Have you ever picked up a rather hefty book and thought, “There’s no way all this needs to be here.” I know I’ve certainly done that when I saw James A. Michener’s Alaska for the first time, or Ayn Rand’s Atlas Shrugged.
As you read, you start to understand the purpose of every section. This one tells us an important part of the protagonist’s character, this part is to worldbuild so that a scene makes contextual sense later, whereas other scenes are inserted purely for foreshadowing, or used to diversify the tone so that a sequence isn’t hammered down by narrative stagnation. Every scene must have a purpose. And if it doesn’t, it has to be removed. I know what it feels like to write an entire book, and then go back and read through only to realize that you can cut out half of it. But how do you identify fluff in your story? Do you cut out an entire chapter, a page, or just a paragraph?
To start, it’s important to mention that this is why you want to have an editor look at your story. No matter the length, an editor will approach your story with a neutral understanding of what you’re trying to say. They won’t have the protective, parent-like lens that you do. When they read, if they get confused, concerned, or bored, it is their job to tell you why and how they think it can be improved. Take for example:
Jim is having a problem in his relationship, so he begins by speaking with his parents. They offer advice on how they made their relationship work, and then he goes and confides in his friends. This cheers him up, so then he goes to the grocery store to make dinner for his love and he comes home to a partner that’s indifferent towards him, despite his kind gesture. They get into an argument over this and Jim ends up frustrated and alone that night as his partner leaves the house.
Just looking at this example, you can probably already identify the part that can be taken out. Which part is unnecessary fluff? It’s the part with him going to the grocery store, isn’t it?
Actually it’s the part where Jim goes and speaks to his friends about his problem. Conversely, it could also be the part where he speaks to his parents. In this scenario, the problem is redundancy. Jim goes and confides in two separate groups of people when, for story purposes, he only needed one. The main argument you’ll see in defense for this type of repetitive writing is that Jim needed multiple perspectives before deciding how to act. In reality, what this does is displace Jim between scenes and introduces us to characters that do not relate to his situation, and he winds up feeling more confused than before because now he has too many perspectives. Remember that writing must be concise and effective. Jim could easily have gotten multiple perspectives from either party and then been on his way to the grocery store while he compiled his thoughts and decided which action he wanted to take.
Why then isn’t the grocery store the fluffy scene? Simply put, that part isn’t a scene itself. It is only a transition. You shouldn’t have to state in plain detail what aisle he’s in, what he’s grabbing, or what the person in front of him looked like in the checkout line. That is the quiet time Jim has to ruminate on everything one of the two parties said, while moving into the next part. The scenario would be better if it went more like this:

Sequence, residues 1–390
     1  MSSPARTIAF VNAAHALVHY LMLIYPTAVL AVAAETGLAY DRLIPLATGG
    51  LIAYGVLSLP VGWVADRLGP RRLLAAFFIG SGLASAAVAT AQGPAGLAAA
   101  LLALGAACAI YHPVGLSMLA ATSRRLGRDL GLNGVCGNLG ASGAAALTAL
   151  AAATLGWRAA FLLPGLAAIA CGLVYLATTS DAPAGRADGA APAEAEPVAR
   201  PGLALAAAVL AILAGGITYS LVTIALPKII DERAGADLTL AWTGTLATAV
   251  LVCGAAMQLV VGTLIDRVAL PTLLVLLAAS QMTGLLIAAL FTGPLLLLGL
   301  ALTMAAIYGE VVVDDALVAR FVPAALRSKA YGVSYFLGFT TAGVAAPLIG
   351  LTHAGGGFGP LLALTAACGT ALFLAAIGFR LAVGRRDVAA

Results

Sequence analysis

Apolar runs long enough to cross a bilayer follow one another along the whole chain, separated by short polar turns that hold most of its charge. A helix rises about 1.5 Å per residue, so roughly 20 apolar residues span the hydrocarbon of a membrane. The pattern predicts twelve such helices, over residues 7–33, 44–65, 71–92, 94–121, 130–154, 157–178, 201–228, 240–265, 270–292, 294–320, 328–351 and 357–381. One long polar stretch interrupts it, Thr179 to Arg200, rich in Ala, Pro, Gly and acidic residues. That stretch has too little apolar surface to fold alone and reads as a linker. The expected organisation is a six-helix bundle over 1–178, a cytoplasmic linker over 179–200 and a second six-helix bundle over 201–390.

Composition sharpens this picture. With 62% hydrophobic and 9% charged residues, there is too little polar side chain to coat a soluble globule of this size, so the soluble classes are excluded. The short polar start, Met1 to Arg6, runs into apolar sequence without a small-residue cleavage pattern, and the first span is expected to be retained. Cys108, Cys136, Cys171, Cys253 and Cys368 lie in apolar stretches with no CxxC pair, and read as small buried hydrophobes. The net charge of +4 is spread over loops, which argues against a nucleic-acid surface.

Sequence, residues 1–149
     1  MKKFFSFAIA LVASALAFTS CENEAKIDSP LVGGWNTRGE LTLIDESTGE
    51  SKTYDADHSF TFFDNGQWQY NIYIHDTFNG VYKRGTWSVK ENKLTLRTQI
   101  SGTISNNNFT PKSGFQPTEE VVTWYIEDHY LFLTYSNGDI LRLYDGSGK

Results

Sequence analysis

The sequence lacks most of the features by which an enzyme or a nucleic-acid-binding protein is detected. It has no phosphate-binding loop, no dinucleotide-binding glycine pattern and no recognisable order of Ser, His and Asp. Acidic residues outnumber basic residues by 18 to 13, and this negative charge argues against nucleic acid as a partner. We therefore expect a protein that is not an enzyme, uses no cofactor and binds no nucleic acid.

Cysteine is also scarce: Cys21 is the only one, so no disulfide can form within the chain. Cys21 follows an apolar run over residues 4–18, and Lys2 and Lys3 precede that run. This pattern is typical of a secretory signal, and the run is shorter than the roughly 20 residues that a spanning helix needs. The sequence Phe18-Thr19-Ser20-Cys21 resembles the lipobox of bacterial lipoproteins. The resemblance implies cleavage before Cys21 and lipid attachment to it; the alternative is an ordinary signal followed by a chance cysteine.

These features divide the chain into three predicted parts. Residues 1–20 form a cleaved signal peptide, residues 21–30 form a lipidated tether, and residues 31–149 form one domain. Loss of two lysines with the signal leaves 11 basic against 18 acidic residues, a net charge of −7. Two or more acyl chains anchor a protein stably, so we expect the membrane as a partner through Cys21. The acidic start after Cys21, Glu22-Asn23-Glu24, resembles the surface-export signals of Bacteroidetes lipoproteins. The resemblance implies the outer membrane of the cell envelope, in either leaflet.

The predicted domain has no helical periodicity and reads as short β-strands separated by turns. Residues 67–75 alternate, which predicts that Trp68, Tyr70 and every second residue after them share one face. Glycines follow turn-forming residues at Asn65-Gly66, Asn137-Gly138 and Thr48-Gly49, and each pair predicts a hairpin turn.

Jim is having a problem in his relationship, so he speaks with his parents or friends. They offer advice on how they made their relationship work, and this cheers him up. He goes to the grocery store to make dinner and he comes home to a partner that’s indifferent towards him, despite his kind gesture. They get into an argument over this and Jim ends up frustrated and alone that night as his partner leaves the house.
Another easy way to identify fluff in a story, regardless of length, is to ask yourself a simple question: if I cut it out, would anything change? If you have a rather long fantasy novel for example, not every scene is going to be paramount to the development of the story. As an author, it is your responsibility to balance the action with the build-up across the novel. If the whole book was spent sitting in an inn talking, only to then have the main villain show up at the doorstep, people would claim that the plot felt forced, or lazy. Make sure that every scene contributes something to the story, or else it needs to be cut. That ten-page long sequence of your side character explaining their childhood can be necessary, but make sure there are some important details about their past in there, and maybe some details that can be used to foreshadow their actions later in the story.
In summary, any scene that does not add to the story can and should be removed. It takes up space within the narrative and only distracts the audience from what you are trying to say. As I mentioned above, lack of purpose and redundancy are the two big things you need to be aware of when looking for fluff. Have an editor give you that second opinion so you can look at your book critically as opposed to adoringly. It can be hard sometimes to let go of certain scenes, but keep in mind that cut is not the same as change. If you want to keep a scene in, but it currently serves no purpose, then give it purpose! Don’t worry about changing around the story if rearranging would damage the structure you already have. You can always recycle a scene idea and place it elsewhere when it would have meaning. There are many things you can do to hold onto your ideas, which we will cover in a future blog.
Contact your editor, your publisher, your most trusted friend. Let them read your story and invite them to be honest. They have a critical eye, and they’ll help you realize the vision you had for your story. Even if it means storing away an idea and bringing it back when it could have a greater impact.